A report, published in Nature, suggests graphene could be the most sought after material for designer electron devices. Electrons become massless Dirac fermions in graphene as a result of its electronic structure; they travel at the speed of light and are the result of Dirac points that form within the honeycomb lattice of carbon atoms. Graphene is one member of a class of Dirac materials that includes iron-based high-temperature semiconductors, and is show in research conducted by Gomes et al to be a fully tunable condensed-matter system.
Hari C. Manoharan, the corresponding author of the paper, announced in Nature that the team were happy to report,
…the emergence of Dirac fermions in a fully tunable condensed-matter system—molecular graphene—assembled by atomic manipulation of carbon monoxide molecules over a conventional two-dimensional electron system at a copper surface…Molecular graphene provides a versatile means of synthesizing exotic topological electronic phases in condensed matter using tailored nanostructures.
The Stanford graphene research team were able to produce electron field effects that were equivalent to placing an electron in a 60 Tesla magnetic field – a force 30% stronger than any previously produced on Earth. The resulting effect means that the electrons can be tuned to behave in certain ways at the speed of light.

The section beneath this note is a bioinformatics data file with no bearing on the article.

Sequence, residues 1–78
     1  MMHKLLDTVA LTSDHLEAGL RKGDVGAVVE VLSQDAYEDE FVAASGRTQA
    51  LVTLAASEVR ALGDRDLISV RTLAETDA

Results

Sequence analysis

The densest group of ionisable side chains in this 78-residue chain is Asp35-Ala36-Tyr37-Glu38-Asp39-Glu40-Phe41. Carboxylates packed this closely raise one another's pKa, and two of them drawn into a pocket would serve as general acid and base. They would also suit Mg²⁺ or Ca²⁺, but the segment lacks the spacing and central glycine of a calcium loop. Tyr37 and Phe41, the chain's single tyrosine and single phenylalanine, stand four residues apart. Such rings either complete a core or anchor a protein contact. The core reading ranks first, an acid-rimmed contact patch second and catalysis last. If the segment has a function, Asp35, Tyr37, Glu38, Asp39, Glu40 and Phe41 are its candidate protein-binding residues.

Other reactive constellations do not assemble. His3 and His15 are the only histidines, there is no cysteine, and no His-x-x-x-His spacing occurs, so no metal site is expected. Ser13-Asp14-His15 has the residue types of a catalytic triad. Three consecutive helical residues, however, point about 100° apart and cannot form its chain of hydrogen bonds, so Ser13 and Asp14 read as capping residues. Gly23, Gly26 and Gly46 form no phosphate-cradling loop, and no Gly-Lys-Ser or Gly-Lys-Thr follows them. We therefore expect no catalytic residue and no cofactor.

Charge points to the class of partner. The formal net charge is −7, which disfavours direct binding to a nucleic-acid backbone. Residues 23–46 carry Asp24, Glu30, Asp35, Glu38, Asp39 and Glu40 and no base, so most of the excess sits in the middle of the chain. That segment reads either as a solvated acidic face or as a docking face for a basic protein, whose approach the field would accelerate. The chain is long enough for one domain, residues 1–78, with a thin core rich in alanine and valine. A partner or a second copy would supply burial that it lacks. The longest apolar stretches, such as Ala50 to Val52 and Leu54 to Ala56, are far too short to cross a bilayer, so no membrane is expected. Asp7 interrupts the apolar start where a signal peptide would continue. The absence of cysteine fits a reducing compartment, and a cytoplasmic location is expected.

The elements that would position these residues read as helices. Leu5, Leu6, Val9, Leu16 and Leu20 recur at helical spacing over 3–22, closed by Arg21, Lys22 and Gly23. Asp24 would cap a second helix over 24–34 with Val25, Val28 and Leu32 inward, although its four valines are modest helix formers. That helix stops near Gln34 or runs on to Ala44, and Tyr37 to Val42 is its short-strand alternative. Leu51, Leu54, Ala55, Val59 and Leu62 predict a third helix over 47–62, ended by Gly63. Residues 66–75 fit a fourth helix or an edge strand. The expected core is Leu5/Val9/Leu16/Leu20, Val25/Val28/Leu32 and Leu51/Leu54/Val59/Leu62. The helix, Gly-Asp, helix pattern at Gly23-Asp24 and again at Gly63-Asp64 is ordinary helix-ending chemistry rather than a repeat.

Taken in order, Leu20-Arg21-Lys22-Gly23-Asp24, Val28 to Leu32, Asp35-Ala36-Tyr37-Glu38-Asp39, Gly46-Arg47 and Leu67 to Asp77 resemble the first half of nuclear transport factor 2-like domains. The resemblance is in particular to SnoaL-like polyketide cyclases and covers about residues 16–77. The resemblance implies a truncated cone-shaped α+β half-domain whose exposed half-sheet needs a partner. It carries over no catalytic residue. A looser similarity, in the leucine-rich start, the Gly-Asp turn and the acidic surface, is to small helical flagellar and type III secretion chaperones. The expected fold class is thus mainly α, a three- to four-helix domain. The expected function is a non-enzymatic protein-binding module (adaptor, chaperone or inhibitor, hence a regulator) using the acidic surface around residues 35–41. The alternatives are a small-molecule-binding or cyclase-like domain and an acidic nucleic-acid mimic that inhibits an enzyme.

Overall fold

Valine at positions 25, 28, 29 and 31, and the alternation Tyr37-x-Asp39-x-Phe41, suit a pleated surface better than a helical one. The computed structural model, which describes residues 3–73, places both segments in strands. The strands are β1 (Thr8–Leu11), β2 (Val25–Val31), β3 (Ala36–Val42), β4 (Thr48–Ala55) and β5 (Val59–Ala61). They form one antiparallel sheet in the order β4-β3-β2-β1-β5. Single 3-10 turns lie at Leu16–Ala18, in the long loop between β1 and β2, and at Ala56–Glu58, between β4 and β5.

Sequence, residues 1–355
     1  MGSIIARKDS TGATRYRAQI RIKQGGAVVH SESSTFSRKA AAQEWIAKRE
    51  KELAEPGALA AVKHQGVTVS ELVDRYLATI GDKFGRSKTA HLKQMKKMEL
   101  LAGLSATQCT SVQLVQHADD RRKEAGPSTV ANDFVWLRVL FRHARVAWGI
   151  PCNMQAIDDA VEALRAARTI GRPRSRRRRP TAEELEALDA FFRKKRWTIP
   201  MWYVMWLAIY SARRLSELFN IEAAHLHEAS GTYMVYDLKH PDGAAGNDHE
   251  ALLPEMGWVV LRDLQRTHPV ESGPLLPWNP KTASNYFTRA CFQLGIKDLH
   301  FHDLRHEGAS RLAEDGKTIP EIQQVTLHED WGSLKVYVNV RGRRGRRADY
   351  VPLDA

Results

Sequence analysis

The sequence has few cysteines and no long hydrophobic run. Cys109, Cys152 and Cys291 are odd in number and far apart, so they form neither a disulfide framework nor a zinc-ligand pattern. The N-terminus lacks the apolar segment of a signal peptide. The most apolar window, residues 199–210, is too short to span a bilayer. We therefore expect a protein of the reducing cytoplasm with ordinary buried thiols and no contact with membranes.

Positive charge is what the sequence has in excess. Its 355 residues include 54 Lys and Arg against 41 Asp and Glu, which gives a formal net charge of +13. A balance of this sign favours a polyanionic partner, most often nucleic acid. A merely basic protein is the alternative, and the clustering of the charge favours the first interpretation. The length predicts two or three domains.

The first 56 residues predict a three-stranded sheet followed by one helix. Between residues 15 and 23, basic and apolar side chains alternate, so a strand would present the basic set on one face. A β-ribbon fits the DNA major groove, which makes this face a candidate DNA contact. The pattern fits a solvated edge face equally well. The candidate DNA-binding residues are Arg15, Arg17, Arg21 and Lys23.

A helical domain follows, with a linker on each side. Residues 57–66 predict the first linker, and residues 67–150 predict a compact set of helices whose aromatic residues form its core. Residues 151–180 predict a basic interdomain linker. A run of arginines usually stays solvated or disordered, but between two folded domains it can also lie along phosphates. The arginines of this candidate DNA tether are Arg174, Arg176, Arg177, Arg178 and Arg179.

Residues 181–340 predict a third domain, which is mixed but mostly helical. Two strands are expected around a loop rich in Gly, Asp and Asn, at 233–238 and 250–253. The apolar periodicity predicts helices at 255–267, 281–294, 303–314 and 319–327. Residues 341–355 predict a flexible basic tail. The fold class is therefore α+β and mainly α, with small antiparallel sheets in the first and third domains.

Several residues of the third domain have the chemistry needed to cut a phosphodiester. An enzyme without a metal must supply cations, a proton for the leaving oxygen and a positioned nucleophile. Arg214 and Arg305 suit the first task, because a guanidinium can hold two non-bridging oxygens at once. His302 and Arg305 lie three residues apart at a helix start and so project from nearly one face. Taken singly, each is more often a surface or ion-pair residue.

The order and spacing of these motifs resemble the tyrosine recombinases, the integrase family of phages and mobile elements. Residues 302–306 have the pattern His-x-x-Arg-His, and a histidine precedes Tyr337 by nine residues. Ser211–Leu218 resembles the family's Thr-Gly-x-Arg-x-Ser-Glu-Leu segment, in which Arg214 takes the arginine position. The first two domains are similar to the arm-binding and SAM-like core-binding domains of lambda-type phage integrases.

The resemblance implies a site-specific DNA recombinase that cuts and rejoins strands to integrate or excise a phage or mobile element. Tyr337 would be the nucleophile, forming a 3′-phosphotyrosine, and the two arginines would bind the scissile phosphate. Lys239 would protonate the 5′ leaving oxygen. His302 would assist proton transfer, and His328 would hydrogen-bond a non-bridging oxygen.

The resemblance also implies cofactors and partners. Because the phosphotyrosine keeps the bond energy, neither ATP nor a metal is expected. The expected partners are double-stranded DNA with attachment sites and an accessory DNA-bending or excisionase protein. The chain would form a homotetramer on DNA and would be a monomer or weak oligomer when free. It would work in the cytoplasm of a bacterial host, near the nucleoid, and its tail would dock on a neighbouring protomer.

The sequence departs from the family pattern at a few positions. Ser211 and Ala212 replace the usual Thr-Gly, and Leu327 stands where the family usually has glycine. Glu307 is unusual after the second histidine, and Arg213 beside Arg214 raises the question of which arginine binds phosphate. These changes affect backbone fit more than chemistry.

The team used a scanning tunneling microscope to place individual carbon monoxide molecules onto a smooth copper surface. The carbon monoxide naturally repels the electrons on the copper surface and arranges them into a graphene-like honeycomb pattern. Changing the configuration produced effects such as electrons acting as if they had been exposed to a magnetic or electric field; and by introducing defects or impurities the team were also able to mimic changes in carbon-carbon bond lengths and thereby restore the electrons’ mass in small, selected areas.
The final stage of the research was to reposition the carbon monoxide molecules to create an effect similar to that of an incredibly strong magnetic field and thereby to effect a change in symmetry of electron flow.
This graphic shows the effect that a specific pattern of carbon monoxide molecules (black/red) has on free-flowing electrons (orange/yellow) atop a copper surface. Ordinarily the electrons behave as simple plane waves (background). But the electrons are repelled by the carbon monoxide molecules, placed here in a hexagonal pattern. This forces the electrons into a honeycomb shape (foreground) mimicking the electronic structure of graphene, a pure form of carbon that has been widely heralded for its potential in future electronics. The molecules are precisely positioned with the tip of a scanning tunneling microscope (dark blue).
Image credit: Hari Manoharan / Stanford University.
For a short video demonstration of the effect visit: http://www.stanford.edu/group/mota/press/molecular_graphene/Assembly.mov